After a hearing on Wednesday, the Paris Court of Appeal will decide in October whether a painting by impressionist master Camille Pissarro, seized from its French Jewish owner by the Nazis during World War II, should be returned to the owner’s descendants or to an American couple who purchased the painting in 1995.
“La Cueillette des Pois” (Picking Peas), a painting from 1887, was put on display in early 1997 at the French capital’s Marmottan Museum, more than 70 years after being snatched from art collector Simon Bauer in Nazi-occupied France.
The courts have been been examining the case for rightful ownership — Bauer’s descendants or an American couple, Bruce and Robbi Toll, patrons of Washington and Tel Aviv Holocaust museums, who say they were unaware of the painting’s wartime fate when they bought it at a 1995 auction in New York.
In November 2017 a Paris court ruled that the painting should be returned to the Bauer family. The Tolls appealed the ruling, leading to Wednesday’s hearing.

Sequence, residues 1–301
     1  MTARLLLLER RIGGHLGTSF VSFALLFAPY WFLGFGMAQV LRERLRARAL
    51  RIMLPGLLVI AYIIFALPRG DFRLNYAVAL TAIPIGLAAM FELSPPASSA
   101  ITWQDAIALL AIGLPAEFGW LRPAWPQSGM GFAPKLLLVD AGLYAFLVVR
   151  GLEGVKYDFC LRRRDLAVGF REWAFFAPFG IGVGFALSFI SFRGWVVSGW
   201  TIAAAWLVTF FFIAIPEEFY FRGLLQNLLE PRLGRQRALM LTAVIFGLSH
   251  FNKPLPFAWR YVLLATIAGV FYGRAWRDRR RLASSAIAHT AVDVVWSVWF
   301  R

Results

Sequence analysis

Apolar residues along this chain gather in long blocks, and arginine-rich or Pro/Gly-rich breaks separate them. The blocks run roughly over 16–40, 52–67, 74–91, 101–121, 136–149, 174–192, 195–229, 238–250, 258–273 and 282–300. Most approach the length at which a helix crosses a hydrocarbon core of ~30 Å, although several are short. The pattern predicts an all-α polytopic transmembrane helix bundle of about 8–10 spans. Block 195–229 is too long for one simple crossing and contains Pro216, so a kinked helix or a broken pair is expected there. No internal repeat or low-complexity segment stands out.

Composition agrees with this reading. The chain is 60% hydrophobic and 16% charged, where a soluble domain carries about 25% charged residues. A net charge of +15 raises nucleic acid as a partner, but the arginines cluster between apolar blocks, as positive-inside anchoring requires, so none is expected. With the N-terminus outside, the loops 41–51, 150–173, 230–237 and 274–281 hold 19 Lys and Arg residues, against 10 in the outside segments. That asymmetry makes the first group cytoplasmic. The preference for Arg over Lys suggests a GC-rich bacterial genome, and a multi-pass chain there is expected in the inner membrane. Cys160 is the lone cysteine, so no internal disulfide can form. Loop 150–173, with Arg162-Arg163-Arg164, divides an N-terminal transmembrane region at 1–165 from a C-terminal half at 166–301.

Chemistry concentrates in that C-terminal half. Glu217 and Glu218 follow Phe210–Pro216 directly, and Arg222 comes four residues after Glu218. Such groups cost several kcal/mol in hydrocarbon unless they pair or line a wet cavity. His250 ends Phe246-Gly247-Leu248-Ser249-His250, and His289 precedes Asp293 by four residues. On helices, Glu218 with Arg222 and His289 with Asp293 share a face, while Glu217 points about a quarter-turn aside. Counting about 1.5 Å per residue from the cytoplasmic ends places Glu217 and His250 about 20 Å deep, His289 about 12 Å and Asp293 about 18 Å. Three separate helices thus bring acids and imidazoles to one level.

“La Cueillette des Pois” was one of 93 works confiscated from Bauer before he was sent to the Drancy internment camp near Paris.
Upon his release in 1944, he immediately began looking for his paintings but had only managed to recover a fraction of the works by his death in 1947.
His family then took up the hunt, but lost all trace of the Pissarro for half a century before it turned up at the Marmottan, on loan from its current owners for a major retrospective of the artist’s work.
Bauer’s grandson Jean-Jacques Bauer, 87, immediately filed a legal claim to prevent the painting from leaving France while beginning a process to try wrest it back from the Tolls.
In May 2017, a court granted his request to have it impounded in France pending a ruling on its ownership.